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Interval training: why and how

High intensity interval training (HIIT) workouts will help you get faster times at your races, whatever your distance. Joe Beer explains all all you need to know and recommends some sessions

Interval training workouts involve structured exercising at different intensities with recovery periods in between. High intensity is usually anaerobic exercise, while the recovery periods involve activity of lower intensity.

HIIT workouts exercise the cardiovascular system, which will then  improve the athlete's aerobic capacity leading them to exercise for longer and/or more intense levels.

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To be faster come race day, whatever your distance, means incorporating tough sessions into your average training week. These will force your muscles to produce more power, work more economically and increase tolerance to internal chemical stresses.

This serious, go-fast mission involves endurance sessions, nutrition practice, high-intensity interval training (HIT) and technical sessions.

To be your best doesn’t mean that in every session you should beast yourself. That’s not training to a plan; that’s just training by ego. Instead, follow these three ‘fast club’ rules…

Rule One

Experts across the field of endurance sport agree that doing just 10-20% HIT, annually, is enough for not only elites, but age-groupers, too. For this to work, however, the remaining 80% or so must be low-to-moderate effort (zone 1) using controlled training sessions where heart rate stays below 80% of maximum heart rate.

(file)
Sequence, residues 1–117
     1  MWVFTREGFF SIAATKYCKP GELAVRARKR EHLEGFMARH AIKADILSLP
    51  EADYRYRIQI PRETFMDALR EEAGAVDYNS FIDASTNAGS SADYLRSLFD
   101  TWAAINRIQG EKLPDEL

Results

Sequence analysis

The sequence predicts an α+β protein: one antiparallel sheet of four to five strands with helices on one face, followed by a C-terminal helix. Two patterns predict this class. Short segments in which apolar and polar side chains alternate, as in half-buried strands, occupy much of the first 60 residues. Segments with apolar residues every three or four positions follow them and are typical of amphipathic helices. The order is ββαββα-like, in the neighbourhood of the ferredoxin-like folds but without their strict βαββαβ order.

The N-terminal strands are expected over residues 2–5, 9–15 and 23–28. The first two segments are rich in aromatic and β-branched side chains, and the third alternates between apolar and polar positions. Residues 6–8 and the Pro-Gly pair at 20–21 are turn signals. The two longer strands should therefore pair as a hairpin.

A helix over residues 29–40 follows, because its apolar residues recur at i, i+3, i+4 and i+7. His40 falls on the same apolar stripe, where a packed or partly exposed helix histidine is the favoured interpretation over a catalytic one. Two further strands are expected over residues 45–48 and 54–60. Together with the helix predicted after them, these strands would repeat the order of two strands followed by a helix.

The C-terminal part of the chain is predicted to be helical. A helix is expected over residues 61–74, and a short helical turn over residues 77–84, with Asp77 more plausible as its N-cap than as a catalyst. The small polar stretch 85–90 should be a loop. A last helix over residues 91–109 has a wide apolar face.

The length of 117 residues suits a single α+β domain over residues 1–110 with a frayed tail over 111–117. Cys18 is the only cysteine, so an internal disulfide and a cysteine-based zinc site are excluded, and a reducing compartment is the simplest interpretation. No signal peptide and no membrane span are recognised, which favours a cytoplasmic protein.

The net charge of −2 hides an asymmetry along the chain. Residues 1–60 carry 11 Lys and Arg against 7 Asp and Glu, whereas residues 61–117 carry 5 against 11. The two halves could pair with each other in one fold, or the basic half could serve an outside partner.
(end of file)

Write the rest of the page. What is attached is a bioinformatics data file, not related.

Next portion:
Rule Two

Only a small amount of really hard work is necessary, the rest is controlled. Some sessions have no logic or proven benefit. For example, ‘just above, just below threshold’. This may burn more calories than in Z1 and provide a satisfying post-workout buzz, but there are proven, better ways to train.

Rule Three

Choose the right combination of effort level, duration and recovery to achieve results not sweat.


Incorporate these interval workouts to engineer more race speed…

These efforts fire up muscles via the high-powered ATP-CP energy system, yet they do so for a short enough time so as not to increase lactate and breathing significantly.



Feel the speed but ensure you maintain form


Up to 40 x [15secs swim @ above 1,500m pace, 15secs cruise/recovery]


10 x 6-10secs seated bike sprint surges, 2mins active recovery


12 x 30m acceleration @ 5km pace, 300-400m jog recovery


Work at around 84-90% of HRmax and you’re in the threshold zone – a place where lactate produced by the muscle is just about being recycled fast enough to continue working.


Embrace the lactate by controlling your breathing


3 x 10mins @ 84-88% HRmax with approx 2mins recovery


6 x 5mins @ 88-90% HRmax with 2:30mins recovery


4 x 8mins 85-90% HRmax with 2mins recovery


Also known as supra-maximal efforts, lactate-sprints and intense intervals, these sessions involve working at your maximum for around 30secs before a whopping recovery period.


Get ready for a hiding or forget starting it at all


6 x 50m maximal pace with 2-4mins recovery


5-12 x 30secs maximal sprint with 4:30mins spin


6 x 200m maximal run speed with 4mins jog recovery


Pre-Race Intervals

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